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Letters about 40 mm ball

LETTERS ABOUT 40 mm BALL 

 

New 40 mm table tennis ball will be used in international ITTF events from October 1, 2000. Below is an e-mail from a Ph.D. scientist, Gerald D. Williams, sent to ITTF president Adham Sharara and Sharara's reply to this message.

Dear Mr. President:

I am a Ph.D. scientist from the United States. I feel that I understand the problems of table tennis in the U.S. very well.

I am strongly against your decision on the 40 mm ball. First of all, there is no point in changing the game this radically to hopefully gain popularity, if it no longer is the same sport. I don't think you understood how drastic a change the larger ball has - the ball deforms, sounding like it is cracked. This is a basic physics issue and can't be solved without allowing the ball to be much over 2.77 gms. The ball is too slow, thus reducing athleticism. Spectators, especially in the U.S. like to see speed and athleticism. The ball is less spinny, thus reducing skill. Table Tennis is currently unique because of the combination of quickness and skill. This uniqueness should not be reduced. The ball is so slow that most serves will have to be returned from over the table, causing more errors. The bigger surface area slows the effectiveness of the athletic loopers so drastically that they can be returned with a smash. The effects of the big ball are different for the top players and the mid level players.

The U.S. may have more tables than any other part of the world, but it is usually played in basements with inferior racquets. Americans don't consider table tennis to be too fast or too spinny because 99% of basement players are unable to generate spin or speed with their knowledge and equipment. They also don't know how it should be played since few have seen it on TV. Recently I saw a rebroadcast of the 99 Worlds on TV. There didn't seem to be any problem with the game. There were very few points lost off of the service. However coverage could have been much better. It was covered like a Tennis match at a distance from the court. We need to make the viewer feel that he is on the court, next to the action.

I understand that the players will reject use of the 40 mm ball. When that happens, I hope you will consider two other proposals:

  1. Experiment with marked balls, such as the soccer ball pattern. Americans especially are unaware of how fast the ball is spinning. It will also reduce service errors due to dead balls and decrease use of deceptive rubber.

  2. Experiment with making reglueing illegal at some ITTF tournament Open events. Let only the top players be affected by this change. If this results in longer rallies and possible improvement in spectator viewing, then consider making the change effective for 1/2 of all tournaments. That way it won't give the Asians or Europeans dominance of the game.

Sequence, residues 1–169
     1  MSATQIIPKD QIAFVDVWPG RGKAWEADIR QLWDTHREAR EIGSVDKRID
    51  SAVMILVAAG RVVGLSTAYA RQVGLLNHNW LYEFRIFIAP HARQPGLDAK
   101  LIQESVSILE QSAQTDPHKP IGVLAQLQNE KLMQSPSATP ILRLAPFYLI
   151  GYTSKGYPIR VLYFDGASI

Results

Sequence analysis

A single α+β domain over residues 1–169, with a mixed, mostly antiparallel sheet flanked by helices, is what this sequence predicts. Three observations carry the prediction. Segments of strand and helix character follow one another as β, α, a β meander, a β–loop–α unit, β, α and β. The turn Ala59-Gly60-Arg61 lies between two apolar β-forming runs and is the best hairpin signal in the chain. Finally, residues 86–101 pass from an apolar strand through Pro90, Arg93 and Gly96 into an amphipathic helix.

Gerald D. Williams, Ph.D.

Pennsylvania, USA


 

Sent: Saturday, March 04, 2000 7:19 AM

Subject: Re: 40 mm ball

Dear Dr. Williams,

Our extensive scientific resaerch indicates that the 40mm ball is slightly slower (3%-8%) depending on initial velocity, and slightly less spinny (3%-6%) depending on the initial force producing the angular velocity, and a little more visible (11% to 16%) depending on the distance from the ball. All in all these are great indicators suggesting a major improvement to the game.

However, you are right, it is most important to test the ball with Real Players at all levels. We did extensive "analytical" research. The top players found that they could adjust very fast to the new ball. Recreation and lower level players had more difficulty adjusting but found it to be easier to return spin and felt that they had more time. Both are good indicators making the game easier to play and more accessible.

Although I respect your opinions, I have to disagree with you on two of your assessments. If the ball is less spinny it will actually increase skill. In order to produce more spin you would have to be more skillfull.

The same applies if you wish to produce more speed, you would have to be more athletic. These are both positive characteristics of the new 40mm ball.

Regarding your other suggestions, I thank you very much for your input and we will take your advice seriously in our future research and development activities.

Please get some new 40mm ball of the 2.75 gm weight and I am sure that you will enjoy it and you will not get the hollow breaking sound that the lighter balls produce. If you are not happy, then stock-up on a large quantity of 38mm ball. The ITTF has indicated that the 38mm ball can continue as long as the demand exists. The ITTF decision for the 40mm ball is for ITTF international events, each national association, club and individual is free to continue to use the 38mm ball.

Regards,

Adham Sharara

ITTF President & CEO

Courtesy of About.com - TT 

 

Last Update : 06 November, 2002

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